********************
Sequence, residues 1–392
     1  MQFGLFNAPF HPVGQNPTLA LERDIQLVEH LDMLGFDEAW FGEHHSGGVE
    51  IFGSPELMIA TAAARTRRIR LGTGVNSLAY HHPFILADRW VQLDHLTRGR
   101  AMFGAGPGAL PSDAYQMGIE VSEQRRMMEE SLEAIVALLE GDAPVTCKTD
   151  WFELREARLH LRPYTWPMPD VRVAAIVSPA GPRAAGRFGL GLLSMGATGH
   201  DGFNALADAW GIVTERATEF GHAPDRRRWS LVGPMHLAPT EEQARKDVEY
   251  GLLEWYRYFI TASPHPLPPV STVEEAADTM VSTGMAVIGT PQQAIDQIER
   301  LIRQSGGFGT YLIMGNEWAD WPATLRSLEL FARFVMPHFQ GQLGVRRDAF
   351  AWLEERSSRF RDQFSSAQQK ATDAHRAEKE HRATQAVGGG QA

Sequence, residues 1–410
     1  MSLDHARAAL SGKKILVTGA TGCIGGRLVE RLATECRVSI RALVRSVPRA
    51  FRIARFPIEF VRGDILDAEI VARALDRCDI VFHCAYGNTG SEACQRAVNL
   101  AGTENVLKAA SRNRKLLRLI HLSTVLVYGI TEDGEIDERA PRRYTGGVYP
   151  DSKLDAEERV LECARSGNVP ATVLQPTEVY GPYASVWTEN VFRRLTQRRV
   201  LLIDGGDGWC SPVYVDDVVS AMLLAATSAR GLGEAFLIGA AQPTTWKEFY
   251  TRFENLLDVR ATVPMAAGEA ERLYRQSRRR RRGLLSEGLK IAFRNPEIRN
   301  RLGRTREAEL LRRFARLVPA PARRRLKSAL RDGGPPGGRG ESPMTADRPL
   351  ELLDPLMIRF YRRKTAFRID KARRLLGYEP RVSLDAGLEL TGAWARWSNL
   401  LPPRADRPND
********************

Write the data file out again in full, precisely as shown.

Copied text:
Sequence, residues 1–392
     1  MQFGLFNAPF HPVGQNPTLA LERDIQLVEH LDMLGFDEAW FGEHHSGGVE
    51  IFGSPELMIA TAAARTRRIR LGTGVNSLAY HHPFILADRW VQLDHLTRGR
   101  AMFGAGPGAL PSDAYQMGIE VSEQRRMMEE SLEAIVALLE GDAPVTCKTD
   151  WFELREARLH LRPYTWPMPD VRVAAIVSPA GPRAAGRFGL GLLSMGATGH
   201  DGFNALADAW GIVTERATEF GHAPDRRRWS LVGPMHLAPT EEQARKDVEY
   251  GLLEWYRYFI TASPHPLPPV STVEEAADTM VSTGMAVIGT PQQAIDQIER
   301  LIRQSGGFGT YLIMGNEWAD WPATLRSLEL FARFVMPHFQ GQLGVRRDAF
   351  AWLEERSSRF RDQFSSAQQK ATDAHRAEKE HRATQAVGGG QA

Sequence, residues 1–410
     1  MSLDHARAAL SGKKILVTGA TGCIGGRLVE RLATECRVSI RALVRSVPRA
    51  FRIARFPIEF VRGDILDAEI VARALDRCDI VFHCAYGNTG SEACQRAVNL
   101  AGTENVLKAA SRNRKLLRLI HLSTVLVYGI TEDGEIDERA PRRYTGGVYP
   151  DSKLDAEERV LECARSGNVP ATVLQPTEVY GPYASVWTEN VFRRLTQRRV
   201  LLIDGGDGWC SPVYVDDVVS AMLLAATSAR GLGEAFLIGA AQPTTWKEFY
   251  TRFENLLDVR ATVPMAAGEA ERLYRQSRRR RRGLLSEGLK IAFRNPEIRN
   301  RLGRTREAEL LRRFARLVPA PARRRLKSAL RDGGPPGGRG ESPMTADRPL
   351  ELLDPLMIRF YRRKTAFRID KARRLLGYEP RVSLDAGLEL TGAWARWSNL
   401  LPPRADRPND